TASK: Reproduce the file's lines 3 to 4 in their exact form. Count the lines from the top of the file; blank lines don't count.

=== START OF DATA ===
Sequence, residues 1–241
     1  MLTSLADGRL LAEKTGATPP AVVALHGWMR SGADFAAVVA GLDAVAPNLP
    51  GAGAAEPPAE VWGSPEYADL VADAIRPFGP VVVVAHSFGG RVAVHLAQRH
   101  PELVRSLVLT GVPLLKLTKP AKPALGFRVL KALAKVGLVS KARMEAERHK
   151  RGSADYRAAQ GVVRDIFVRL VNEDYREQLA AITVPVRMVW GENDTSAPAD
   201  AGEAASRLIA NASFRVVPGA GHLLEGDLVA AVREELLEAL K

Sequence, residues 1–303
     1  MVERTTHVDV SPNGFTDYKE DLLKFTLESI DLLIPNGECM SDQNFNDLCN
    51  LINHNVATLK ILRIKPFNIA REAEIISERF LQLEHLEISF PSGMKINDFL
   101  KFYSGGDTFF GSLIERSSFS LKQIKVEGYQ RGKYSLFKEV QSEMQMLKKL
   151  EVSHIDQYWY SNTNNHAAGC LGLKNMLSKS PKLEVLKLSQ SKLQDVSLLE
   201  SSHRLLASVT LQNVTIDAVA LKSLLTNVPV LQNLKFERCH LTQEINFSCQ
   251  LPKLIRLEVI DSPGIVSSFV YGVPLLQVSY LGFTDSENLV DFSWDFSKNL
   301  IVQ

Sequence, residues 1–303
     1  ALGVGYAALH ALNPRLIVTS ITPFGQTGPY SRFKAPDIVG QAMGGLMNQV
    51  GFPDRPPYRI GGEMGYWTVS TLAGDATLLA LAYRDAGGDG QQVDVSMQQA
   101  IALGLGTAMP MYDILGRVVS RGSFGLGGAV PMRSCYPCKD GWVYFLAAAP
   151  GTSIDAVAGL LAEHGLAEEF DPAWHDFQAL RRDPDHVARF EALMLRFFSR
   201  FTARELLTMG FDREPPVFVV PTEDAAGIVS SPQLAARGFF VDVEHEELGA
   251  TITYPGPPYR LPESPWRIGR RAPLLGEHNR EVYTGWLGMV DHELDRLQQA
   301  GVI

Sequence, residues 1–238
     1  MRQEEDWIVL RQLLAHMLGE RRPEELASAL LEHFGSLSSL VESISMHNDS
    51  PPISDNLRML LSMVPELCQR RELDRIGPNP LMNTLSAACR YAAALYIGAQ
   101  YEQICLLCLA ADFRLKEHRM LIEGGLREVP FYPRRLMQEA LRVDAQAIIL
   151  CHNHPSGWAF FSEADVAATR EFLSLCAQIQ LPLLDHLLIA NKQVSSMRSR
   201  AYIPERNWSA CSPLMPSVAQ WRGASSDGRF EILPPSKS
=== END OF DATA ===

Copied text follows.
    51  GAGAAEPPAE VWGSPEYADL VADAIRPFGP VVVVAHSFGG RVAVHLAQRH
   101  PELVRSLVLT GVPLLKLTKP AKPALGFRVL KALAKVGLVS KARMEAERHK